• CONVERT: This is conversion to sale. It involves getting your audience to take that vital next step which turns them into paying customers whether the payment is taken through online eCommerce transactions or offline channels.
  • ENGAGE: This is a long-term engagement that is, developing a long-term relationship with first-time buyers to build customer loyalty as repeat purchases using communications on your site, social presence, email, and direct interactions to boost customer lifetime value. It can be measured by repeat actions such as repeat sales and sharing content through social media. We also need to measure the percentage of active customers (or email subscribers) and customer satisfaction and recommendation using other systems.

RACE is an evolution of the REAN (Reach > Engage > Activate > Nurture) framework for web analysis originally developed by Xavier Blanc and popularised by Steve Jackson in his book Cult of Analytics.

RACE Digital Strategy Funnel
RACE Digital Strategy Funnel
source: SmartInsights

The REAN Model[7]

REAN is a marketing acronym first coined by Xavier Blanc in 2006 while working for a Finnish digital marketing agency. It was further developed by Steve Jackson for web analytics. The information on this page is offered as a resource to our customers for a better understanding of how to use Knock Knock analytic information. REAN can be used for measuring business website statistics. It gives well-defined and concrete terms that can be measured and acted on. Good website marketing strategies can be developed using the REAN principles.

  • Reach: defines the methods to attract people to one's promotions. What is the best source of traffic by volume or cost? There are a number of ways one can reach out to customers that are measurable. Search keywords in Google, Pay Per Click, links on other websites, email promotions, newspaper promotions, flyers, etc. All of these are measurable with web analytics. Each one can have a specific entry page or key id associated with it and can be tracked individually.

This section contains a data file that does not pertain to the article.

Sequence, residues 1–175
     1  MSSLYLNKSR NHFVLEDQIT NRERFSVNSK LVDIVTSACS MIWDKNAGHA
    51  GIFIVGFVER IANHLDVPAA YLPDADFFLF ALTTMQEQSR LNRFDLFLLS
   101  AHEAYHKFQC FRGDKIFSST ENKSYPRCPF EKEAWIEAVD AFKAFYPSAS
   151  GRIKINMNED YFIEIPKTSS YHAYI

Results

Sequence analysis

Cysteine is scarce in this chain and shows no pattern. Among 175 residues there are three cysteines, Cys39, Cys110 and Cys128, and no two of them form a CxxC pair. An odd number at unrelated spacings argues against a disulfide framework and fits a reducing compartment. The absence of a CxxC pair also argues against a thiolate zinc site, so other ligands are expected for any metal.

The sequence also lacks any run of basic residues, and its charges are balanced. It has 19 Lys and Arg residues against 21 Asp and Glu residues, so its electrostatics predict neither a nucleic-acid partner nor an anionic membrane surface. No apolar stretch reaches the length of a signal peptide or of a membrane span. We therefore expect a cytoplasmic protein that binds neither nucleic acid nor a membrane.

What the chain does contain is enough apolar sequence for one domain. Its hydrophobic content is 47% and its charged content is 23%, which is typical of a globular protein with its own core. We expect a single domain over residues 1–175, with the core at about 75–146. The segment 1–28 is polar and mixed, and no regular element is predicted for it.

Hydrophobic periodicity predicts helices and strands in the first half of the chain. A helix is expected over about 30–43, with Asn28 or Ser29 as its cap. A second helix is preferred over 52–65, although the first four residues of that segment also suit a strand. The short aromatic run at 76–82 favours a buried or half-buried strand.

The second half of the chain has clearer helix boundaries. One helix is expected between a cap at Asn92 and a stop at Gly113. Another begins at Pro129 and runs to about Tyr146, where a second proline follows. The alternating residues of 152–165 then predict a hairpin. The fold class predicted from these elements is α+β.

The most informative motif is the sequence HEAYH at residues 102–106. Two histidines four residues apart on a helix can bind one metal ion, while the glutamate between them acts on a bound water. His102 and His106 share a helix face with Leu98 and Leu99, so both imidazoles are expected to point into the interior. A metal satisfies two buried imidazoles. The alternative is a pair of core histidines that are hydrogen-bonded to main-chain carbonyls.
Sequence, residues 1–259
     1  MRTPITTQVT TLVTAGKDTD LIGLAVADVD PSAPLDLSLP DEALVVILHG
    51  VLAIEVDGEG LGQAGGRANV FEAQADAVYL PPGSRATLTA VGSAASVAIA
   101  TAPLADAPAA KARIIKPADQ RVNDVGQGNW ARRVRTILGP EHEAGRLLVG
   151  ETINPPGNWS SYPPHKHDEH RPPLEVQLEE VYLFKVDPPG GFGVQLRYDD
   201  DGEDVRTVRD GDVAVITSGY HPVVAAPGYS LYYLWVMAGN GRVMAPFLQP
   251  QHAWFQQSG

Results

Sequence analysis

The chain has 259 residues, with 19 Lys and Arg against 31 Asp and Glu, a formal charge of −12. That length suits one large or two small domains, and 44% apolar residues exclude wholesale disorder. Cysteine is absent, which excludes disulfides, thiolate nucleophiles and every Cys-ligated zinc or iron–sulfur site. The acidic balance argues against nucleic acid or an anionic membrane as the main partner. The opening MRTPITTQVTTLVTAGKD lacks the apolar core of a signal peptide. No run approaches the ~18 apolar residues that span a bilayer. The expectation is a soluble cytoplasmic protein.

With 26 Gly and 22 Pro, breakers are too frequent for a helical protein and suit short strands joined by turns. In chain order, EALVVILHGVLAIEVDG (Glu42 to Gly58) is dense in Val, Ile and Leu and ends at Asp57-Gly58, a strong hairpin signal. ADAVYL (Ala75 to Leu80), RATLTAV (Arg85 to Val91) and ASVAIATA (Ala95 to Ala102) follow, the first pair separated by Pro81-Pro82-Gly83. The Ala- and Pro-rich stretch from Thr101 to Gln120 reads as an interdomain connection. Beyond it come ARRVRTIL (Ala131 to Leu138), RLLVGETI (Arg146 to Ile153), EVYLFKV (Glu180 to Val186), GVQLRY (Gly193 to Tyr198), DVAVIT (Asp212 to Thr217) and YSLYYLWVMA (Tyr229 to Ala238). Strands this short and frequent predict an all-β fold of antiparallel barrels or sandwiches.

• Engage: is how people interact with one's website. What processes do they complete or abandon, and how long do they stay? Engagement involves the tracking of visitors once they enter one's website. One might think of this as a funneling process to direct visitors to a goal page or action. There are different measurements for engagement such as Click-depth, the number of pages a visitor will select, and Duration, the length of time on your website.
  • Activate: means a visitor has taken an action, i.e. maybe a purchase, sign-up, etc. Activation occurs when a visitor acts in the manner that is desired. This could be making a purchase, filling in a form for more information, signing up for an emailing list, reaching a goal page, etc.
  • Nurture: describes the method of retaining and re-engaging with customers who have already taken an action. This occurs after an Activation has happened. This might be newsletters, emailing lists for special promotions, community membership, etc.

See Also


Further Reading